It is only the military, security and other para-military services that are not affected as their leadership are insulated from direct political involvement. The men and women of the Armed Forces are fully deployed in the fight against Boko Haram in the Northeastern part of the country where they are recording successes. Others are involved in other security operations either singularly or as members of the Joint Task Forces in other states of the country.

  For example, at the Ministry of Interior, the Nigerian Immigration Service (NIS), Nigeria Prison Service (NPS), Nigeria Security and Civil Defence Corps (NSCDC) and the Federal Fire Service (FFS) are functioning as they are para-military agencies. But at the civilian arm of the ministry, which has supervisory role over them, not much is going on as the workers idle away. In some offices, dusty empty seats are common sight.

  At the Ministry of National Planning, the usual interface with development partners who used to pay regular visits and unveiling of economic plans for the development of the country are rested for now. At the Federal Ministry of Works, the Minister, Mike Onolememen has practically re-located to Edo State for the past two months. He is mostly represented at events by the Minister of State.

  The exception to the rule of absentee ministers and political appointees is the Ministry of Mines and Steel Development where the Minister, Musa Sada is fully on his desk and is not involved in the political campaigns except when President Jonathan launched his campaign in Katsina State and he went and stood with him at the podium to explain to the people the “good works” of the administration in the mineral and steel sector. But Sada had earlier abandoned his office for a considerable time in the run-up to the party primaries when he was mostly in Katsina State to lobby for the gubernatorial position. His failure to get the nomination of the PDP saw him scampering back to Abuja.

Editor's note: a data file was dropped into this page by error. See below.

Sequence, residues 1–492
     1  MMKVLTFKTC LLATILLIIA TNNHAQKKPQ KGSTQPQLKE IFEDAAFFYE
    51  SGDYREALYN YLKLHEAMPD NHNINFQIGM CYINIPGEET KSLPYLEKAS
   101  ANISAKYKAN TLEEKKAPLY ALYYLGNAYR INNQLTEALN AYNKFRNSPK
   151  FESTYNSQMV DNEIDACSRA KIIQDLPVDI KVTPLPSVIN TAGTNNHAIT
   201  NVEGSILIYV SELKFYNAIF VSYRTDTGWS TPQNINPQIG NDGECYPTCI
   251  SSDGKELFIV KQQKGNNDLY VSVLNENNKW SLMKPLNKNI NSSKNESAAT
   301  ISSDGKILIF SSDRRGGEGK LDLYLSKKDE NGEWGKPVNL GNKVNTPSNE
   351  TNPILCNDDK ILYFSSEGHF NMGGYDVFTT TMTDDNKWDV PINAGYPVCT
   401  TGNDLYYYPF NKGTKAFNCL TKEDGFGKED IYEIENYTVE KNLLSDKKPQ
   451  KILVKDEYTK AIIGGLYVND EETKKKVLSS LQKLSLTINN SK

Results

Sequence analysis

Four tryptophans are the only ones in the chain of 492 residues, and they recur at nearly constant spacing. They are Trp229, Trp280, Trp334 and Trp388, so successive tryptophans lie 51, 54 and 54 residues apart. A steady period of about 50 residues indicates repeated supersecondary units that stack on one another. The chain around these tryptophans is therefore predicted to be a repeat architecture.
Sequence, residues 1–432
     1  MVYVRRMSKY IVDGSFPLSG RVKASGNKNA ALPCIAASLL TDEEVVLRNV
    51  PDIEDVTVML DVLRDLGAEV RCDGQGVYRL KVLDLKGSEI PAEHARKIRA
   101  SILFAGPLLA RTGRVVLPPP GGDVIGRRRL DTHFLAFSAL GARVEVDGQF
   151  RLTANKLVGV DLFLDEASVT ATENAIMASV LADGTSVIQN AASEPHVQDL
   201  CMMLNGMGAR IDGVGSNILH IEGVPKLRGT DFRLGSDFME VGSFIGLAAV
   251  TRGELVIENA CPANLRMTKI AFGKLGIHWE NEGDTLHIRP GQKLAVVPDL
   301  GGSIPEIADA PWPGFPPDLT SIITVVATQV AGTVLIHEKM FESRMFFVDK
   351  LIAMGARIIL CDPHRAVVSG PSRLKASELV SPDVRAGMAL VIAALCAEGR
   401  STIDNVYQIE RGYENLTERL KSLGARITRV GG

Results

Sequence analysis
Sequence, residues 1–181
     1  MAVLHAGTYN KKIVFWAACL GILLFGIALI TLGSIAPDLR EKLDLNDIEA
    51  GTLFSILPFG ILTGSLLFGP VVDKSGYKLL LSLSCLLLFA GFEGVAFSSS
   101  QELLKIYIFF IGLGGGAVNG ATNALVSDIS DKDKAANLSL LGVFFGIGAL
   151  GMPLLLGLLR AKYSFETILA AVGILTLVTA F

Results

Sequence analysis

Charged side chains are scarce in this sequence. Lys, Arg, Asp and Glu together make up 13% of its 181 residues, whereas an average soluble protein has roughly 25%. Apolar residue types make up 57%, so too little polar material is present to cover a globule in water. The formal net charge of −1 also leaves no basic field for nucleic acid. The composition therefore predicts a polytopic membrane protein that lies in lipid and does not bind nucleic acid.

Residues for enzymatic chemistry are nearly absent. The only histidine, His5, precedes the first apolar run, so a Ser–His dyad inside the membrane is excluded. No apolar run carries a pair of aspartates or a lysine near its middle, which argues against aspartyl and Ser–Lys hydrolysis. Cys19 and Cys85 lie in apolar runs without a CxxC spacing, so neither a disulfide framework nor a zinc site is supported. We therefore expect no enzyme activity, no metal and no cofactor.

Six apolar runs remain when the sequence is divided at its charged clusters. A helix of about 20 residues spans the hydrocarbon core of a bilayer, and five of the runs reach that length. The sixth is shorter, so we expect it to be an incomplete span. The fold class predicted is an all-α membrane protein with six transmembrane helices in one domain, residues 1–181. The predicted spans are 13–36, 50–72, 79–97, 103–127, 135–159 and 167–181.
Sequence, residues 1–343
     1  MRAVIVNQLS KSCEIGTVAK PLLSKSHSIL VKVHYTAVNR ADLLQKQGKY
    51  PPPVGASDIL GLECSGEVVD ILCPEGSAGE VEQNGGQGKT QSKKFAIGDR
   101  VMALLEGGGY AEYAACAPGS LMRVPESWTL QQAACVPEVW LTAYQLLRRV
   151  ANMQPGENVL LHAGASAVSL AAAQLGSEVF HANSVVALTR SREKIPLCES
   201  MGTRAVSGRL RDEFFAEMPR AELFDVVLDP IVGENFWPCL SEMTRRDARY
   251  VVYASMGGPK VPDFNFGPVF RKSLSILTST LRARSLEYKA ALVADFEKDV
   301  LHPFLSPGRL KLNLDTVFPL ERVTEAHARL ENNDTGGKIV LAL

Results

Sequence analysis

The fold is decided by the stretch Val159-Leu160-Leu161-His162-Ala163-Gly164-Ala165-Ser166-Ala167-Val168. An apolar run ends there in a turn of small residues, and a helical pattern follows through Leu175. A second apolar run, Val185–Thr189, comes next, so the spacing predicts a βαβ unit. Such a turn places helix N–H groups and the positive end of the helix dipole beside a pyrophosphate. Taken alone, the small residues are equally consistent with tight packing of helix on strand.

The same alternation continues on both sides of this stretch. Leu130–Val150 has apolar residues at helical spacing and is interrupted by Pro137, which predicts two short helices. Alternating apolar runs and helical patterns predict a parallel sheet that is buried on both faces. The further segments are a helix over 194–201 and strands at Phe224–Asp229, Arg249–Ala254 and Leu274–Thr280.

There are also the MDAs that provide essential services and are therefore priority sectors. They include those involving the Ministries of Power, Aviation and Transport. Most of its officials are on ground, attending to their duties.

  An official of the Nigerians United for Democracy (NUD), Ezenwa Nwagu, expressed concern on the way the campaigns had affected governance in the country, accusing the nation’s politicians of abdicating their responsibilities in pursuit of “their selfish political agenda.”

  Nwagu regretted that the postponement of the elections had worsened the situation as Nigerians would be made to pay dearly for the negligence of the political elite.